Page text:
A spokesman for the U.S. Federal Bureau of Investigation says a group of would-be terrorists plotting to blow up a New York City airport had no link to the al-Qaida terrorist network, but was probably inspired by it.
Federal officials say they have charged four suspects in a plot to blow up John F. Kennedy International Airport, one of the world's busiest, by targeting the facility's enormous fuel tanks.
Three of the four suspects were arrested Friday and Saturday in New York and the Caribbean island nation of Trinidad and Tobago. One of the three is a naturalized U.S. citizen and former airport employee. A fourth suspect is still at large and believed to be in Trinidad.
FBI spokesman John Miller said on U.S. television Sunday that the suspects were trying to get a Trinidad-based Muslim extremist group, Jamaat al-Muslimeen, to finance their plan and provide them with explosives.
But authorities say the plot never went beyond the early planning stage, and the public was never in imminent danger.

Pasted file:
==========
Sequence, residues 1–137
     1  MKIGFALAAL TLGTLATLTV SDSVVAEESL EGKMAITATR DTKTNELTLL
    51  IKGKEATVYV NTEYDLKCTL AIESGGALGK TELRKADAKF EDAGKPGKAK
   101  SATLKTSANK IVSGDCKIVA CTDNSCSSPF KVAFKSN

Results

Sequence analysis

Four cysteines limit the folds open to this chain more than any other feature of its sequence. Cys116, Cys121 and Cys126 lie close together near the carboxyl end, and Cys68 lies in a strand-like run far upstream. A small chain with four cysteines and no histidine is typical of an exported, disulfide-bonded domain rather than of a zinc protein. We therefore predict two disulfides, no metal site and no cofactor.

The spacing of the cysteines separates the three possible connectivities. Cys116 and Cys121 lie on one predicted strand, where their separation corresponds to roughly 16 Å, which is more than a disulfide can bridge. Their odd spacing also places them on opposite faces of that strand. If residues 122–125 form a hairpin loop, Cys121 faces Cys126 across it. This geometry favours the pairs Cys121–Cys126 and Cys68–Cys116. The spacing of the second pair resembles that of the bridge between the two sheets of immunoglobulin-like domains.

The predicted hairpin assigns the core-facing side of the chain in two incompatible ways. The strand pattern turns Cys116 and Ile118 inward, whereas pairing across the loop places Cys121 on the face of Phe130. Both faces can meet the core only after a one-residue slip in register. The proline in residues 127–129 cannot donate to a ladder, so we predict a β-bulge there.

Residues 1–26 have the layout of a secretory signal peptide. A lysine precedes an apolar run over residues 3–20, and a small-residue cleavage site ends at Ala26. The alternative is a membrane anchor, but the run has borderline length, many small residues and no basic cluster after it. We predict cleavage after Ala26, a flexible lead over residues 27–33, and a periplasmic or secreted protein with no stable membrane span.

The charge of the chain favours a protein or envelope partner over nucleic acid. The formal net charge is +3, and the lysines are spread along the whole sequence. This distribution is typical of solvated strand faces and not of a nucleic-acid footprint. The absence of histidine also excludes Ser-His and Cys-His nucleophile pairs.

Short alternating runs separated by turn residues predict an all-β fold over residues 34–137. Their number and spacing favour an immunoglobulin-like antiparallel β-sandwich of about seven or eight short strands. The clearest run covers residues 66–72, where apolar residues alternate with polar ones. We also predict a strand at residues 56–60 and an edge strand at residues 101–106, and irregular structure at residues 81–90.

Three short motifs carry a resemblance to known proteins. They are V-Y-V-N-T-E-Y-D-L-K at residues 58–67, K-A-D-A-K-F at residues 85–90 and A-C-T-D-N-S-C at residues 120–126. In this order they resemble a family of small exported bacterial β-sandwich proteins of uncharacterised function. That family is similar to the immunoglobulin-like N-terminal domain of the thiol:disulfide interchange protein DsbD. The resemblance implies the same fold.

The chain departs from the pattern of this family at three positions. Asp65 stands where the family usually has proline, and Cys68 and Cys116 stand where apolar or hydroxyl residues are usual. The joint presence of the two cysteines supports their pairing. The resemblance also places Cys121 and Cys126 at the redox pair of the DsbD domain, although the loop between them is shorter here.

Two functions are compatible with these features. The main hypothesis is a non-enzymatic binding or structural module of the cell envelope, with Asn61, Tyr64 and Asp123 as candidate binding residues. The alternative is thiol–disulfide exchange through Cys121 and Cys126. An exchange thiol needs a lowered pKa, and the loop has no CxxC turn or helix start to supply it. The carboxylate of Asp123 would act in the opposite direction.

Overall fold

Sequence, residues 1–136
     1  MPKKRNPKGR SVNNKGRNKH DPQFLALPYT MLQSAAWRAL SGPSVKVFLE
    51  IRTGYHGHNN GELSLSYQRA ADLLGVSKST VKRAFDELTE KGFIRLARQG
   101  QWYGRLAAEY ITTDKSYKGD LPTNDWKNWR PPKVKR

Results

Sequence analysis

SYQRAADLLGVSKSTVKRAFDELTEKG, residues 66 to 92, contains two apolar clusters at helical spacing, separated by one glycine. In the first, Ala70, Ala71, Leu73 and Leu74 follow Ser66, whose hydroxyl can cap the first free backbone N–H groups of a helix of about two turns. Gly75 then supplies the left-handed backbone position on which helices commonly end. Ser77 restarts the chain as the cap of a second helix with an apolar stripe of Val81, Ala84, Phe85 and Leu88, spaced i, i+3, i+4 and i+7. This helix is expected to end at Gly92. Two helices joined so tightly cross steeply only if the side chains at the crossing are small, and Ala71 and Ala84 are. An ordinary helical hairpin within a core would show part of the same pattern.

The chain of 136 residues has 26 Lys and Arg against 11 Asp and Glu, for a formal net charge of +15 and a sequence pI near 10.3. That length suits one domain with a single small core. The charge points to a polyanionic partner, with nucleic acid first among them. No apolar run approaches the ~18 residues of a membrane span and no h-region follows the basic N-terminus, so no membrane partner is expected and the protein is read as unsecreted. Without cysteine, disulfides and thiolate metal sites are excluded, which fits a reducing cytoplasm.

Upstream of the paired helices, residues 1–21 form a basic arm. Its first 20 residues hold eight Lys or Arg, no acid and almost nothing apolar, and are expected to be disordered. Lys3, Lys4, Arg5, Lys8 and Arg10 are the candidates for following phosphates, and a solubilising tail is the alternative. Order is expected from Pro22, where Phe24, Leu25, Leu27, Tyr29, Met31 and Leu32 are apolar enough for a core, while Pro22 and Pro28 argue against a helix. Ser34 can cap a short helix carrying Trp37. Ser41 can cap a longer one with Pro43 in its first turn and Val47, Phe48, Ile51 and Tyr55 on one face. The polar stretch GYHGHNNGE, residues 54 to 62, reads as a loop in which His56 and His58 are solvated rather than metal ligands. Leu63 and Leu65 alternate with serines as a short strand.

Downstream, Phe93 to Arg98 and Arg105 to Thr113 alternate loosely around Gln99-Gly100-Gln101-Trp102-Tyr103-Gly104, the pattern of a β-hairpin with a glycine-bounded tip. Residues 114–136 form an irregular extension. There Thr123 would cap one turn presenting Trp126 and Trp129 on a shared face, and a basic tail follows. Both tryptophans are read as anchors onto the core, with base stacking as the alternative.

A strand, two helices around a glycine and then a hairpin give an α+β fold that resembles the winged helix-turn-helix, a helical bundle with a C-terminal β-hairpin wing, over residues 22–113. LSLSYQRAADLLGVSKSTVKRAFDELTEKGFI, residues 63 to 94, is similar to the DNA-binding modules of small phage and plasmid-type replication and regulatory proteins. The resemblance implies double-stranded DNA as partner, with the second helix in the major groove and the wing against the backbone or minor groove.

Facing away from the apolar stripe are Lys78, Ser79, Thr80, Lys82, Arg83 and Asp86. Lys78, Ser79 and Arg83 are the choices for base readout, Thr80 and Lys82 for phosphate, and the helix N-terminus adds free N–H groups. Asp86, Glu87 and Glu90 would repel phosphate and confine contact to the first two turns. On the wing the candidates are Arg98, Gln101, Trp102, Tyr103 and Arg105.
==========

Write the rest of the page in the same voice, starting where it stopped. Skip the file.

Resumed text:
Federal law enforcement officials had been tracking the plot through an informant since January 2006. Miller said the FBI waited to make arrests until it had gleaned all the intelligence it could from the case.
Authorities say one of the suspects unwittingly bragged to the informant that he believed the airport attack would be worse than the attacks of September 11, 2001 that destroyed the World Trade Center towers.
Three suspects are from the small South American country of Guyana. A fourth suspect is from Trinidad. One of the suspects in custody is a former member of parliament in Guyana.
Kennedy Airport has a fuel distribution network with 80 kilometers of pipelines and more than 100 large storage tanks that can hold more than three-quarters of a million barrels of jet fuel.
Engineering experts say if the suspects had succeeded, the explosions likely would have destroyed the entire airport.
A White House spokeswoman, Jeanie Mamo, says President Bush was briefed on the case. She called the arrests a "good example of international counterterrorism cooperation."